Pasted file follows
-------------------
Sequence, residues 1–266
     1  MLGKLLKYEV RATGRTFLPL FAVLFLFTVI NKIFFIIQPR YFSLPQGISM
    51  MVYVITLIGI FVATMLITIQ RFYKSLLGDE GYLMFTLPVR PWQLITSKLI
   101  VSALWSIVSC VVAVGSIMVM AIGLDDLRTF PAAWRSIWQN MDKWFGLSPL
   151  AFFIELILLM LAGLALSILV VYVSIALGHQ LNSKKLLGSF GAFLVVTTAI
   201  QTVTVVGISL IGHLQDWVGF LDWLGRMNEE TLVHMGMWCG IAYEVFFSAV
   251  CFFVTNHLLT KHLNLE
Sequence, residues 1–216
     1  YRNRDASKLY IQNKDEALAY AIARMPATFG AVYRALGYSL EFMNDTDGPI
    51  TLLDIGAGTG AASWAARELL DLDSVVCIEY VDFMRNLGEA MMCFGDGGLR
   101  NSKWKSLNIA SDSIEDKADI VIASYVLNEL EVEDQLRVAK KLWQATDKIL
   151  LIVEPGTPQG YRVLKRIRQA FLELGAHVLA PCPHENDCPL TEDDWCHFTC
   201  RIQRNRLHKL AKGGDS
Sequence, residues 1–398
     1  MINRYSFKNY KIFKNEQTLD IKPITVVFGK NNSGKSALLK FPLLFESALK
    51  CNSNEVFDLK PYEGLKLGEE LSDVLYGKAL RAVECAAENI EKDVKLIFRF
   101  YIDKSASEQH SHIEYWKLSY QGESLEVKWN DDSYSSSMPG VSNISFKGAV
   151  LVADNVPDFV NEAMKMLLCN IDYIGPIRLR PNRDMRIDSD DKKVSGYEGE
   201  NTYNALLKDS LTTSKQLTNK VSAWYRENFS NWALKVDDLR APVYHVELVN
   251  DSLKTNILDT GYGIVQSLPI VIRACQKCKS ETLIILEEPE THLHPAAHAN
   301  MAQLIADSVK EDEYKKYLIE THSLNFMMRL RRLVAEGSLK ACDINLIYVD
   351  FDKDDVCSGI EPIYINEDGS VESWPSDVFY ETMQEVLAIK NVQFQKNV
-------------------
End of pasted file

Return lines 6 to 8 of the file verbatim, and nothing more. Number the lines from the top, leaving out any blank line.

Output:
   201  QTVTVVGISL IGHLQDWVGF LDWLGRMNEE TLVHMGMWCG IAYEVFFSAV
   251  CFFVTNHLLT KHLNLE
Sequence, residues 1–216